Glitch with "Search external name providers"?

Please fill out the following sections to the best of your ability, it will help us investigate bugs if we have this information at the outset. Screenshots are especially helpful, so please provide those if you can.

Platform (Android, iOS, Website): MacOS Big Sur

App version number, : n/a

Browser, if a website issue (Firefox, Chrome, etc) : Safari

URLs (aka web addresses) of any relevant observations or pages:

Screenshots of what you are seeing (instructions for taking a screenshot on computers and mobile devices: https://www.take-a-screenshot.org/):

Description of problem (please provide a set of steps we can use to replicate the issue, and make as many as you need.):

Hi. I’m a volunteer curator. In last days i noticed some flag requests to ‘add missing taxa’ from the iNat taxonomy which any user should be able to import themselves from external providers.

Step 1: Under a new observation, when suggesting an identification, there can be a dropdown option of “Search external name providers”.

Step 2: Inserted a name not present on the iNat taxonomy, but is present in e.g. CoL. → BUT, not then recognised as importable name

Do you have a specific example of one of these names?

Sure.

One case in a currently open flag [ref: 685692] for Genus Abyssocladia. These are sponges.
I directly added the requested species Abyssocladia koltuni, but (as in some other cases, again) found that it did not come up as suggestion with the dropdown “Search external (etc etc)“. If so, the user could have done themselves. That particular species name is now on, but others of that same sponge genus (also present in Catalog of life) still do not show up on “Search external name providers”, e.g. Abyssocladia annae, Abyssocladia antarctica.
However, i tried a couple of other cases from different sponge genera, and from my system those other names were in contrast recognised by that “Search external (etc etc)”, hence it’s not that it’s entirely “broken” at my end - it’s some but not others.

Another case in a now closed flag [ref: 685182] for Genus Syberna. This is an insect: true bug. Again i added the taxon/taxa, but here the response of user seems to indicate they were not able to add themselves, and nor was i that same way.

There’s a couple more cases from last week, i was starting to fear a trend.

iNaturalist uses CoL 2012, so something like Abyssocladia annae, which appears to have been described in 2020, would not be in it.

1 Like

Interesting - unexpected. Inline with that, another case i just looked at (something in Insecta: Diptera) was a name change from a paper in 2018, so that would explain why the recombination is not retrievable for that also.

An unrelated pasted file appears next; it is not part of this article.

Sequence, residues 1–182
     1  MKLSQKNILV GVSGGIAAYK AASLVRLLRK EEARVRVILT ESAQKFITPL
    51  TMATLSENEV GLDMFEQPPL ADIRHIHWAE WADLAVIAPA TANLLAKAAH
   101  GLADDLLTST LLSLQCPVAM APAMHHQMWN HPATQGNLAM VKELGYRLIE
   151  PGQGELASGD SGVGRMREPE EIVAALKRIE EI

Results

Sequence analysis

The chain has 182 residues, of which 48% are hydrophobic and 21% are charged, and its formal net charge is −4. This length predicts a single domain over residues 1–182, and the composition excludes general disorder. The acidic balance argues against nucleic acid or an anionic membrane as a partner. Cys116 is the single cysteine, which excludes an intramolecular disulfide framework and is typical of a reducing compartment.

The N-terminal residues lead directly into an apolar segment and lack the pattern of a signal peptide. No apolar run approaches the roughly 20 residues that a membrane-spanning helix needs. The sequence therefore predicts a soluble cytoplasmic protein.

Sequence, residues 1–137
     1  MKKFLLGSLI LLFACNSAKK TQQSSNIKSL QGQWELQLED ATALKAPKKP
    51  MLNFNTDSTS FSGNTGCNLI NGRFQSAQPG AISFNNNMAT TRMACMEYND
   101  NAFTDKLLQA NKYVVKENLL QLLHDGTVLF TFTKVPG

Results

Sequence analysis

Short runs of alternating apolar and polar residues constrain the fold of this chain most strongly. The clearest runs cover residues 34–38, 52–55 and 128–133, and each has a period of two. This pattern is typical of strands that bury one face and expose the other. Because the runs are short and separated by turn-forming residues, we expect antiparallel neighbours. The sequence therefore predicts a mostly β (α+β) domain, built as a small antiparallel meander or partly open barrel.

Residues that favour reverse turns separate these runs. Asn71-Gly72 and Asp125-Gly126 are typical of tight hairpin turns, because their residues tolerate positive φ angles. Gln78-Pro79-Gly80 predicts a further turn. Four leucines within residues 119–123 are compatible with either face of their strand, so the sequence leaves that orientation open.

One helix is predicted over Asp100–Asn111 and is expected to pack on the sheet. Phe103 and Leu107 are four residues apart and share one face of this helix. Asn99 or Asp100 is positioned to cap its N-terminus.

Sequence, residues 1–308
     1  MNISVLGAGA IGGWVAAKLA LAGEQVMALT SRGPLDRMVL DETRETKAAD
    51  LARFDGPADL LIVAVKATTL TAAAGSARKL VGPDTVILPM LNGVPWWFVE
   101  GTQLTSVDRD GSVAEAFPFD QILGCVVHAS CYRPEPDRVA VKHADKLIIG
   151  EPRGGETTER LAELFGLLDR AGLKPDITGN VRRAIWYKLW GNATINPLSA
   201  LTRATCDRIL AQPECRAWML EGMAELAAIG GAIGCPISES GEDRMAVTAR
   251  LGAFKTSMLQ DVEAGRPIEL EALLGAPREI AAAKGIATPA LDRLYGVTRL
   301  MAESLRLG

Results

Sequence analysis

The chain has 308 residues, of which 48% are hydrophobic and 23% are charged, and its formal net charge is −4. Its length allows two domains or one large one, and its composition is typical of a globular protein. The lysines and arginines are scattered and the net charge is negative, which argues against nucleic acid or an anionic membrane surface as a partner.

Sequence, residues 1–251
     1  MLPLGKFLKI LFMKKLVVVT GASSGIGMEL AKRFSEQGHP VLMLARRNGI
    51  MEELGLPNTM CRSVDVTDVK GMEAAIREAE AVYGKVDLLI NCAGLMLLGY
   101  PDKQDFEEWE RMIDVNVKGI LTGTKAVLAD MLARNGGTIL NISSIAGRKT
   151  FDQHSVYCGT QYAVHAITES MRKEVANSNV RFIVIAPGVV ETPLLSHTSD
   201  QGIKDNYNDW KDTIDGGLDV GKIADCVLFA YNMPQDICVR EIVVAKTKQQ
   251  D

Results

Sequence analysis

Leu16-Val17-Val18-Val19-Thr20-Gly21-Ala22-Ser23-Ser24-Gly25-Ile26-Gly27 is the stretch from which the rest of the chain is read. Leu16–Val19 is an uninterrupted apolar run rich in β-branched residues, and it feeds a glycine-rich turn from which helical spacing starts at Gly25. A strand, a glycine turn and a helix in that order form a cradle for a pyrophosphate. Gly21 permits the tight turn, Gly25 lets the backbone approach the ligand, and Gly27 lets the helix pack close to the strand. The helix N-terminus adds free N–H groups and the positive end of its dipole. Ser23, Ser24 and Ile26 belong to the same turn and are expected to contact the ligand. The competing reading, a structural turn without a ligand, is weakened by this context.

I get that some delay for exchanges amongst databases can be desirable as taxonomy, especially at the “cutting edge” as many taxa suddenly go through rapid flux with multiple contradicting views. Hence, e.g. that seem to me why some plant databases in particular seem to often take their time! However, that said, Catalog of Life has gone though some big changes in the 12 years since 2012 - it still has many issues and gaps, but it’s vastly more comprehensive and ‘corrected’ for errors than the versions from 12 years ago. Well, all said, it sounds reasonable the source of what i’m seeing can be down to that - hence using informatics slang “this issue is a feature not a bug” and this report can be closed.

But, please, as CoL has gone though multiple iterations and updates since then and is increasingly being seen as THE name provider for synthesis of taxonomy, i’m shocked that is iNaturalist using a version that’s 12 years old!

We certainly need a global Catalogue of Life, but I think CoL, as a product, still falls short of that goal.

Here’s an interesting read on the status of CoL …

https://link.springer.com/article/10.1007/s13127-021-00516-w

The aspirations are great, but the reality less so.

In my group, the fungi, the data currently provided to CoL are poor and incomplete. For larger fungi at least then iNat itself is the best source of taxonomic opinion, although unfortunately that is still a minority of all fungal species.

The reason iNat has become the de-facto global checklist for larger fungi (in my opinion) is because the content is community-driven. That is not true for many sectors of CoL where too few people are tackling very large groups, often without testing regional/global consensus opinions, without the resource to maintain the content, and without good tools to support them.

Until these fundamental issues are resolved across all organism groups then CoL will continue to fall short. From a fungal perspective my preference is for the API import from CoL to be removed rather than updated. However, I guess for many groups it would serve a useful purpose

If I remember correctly, we decided a few years ago to stick with the old CoL because of alga taxonomy - either it had it or it didn’t have it, and for whatever reason the 2012 was deemed preferable. I wouldn’t doubt it’s time to reevaluate, but I think that’s beyond the scope of this bug report, so I’m going to close it. Maybe something for a curator to bring up in Curators?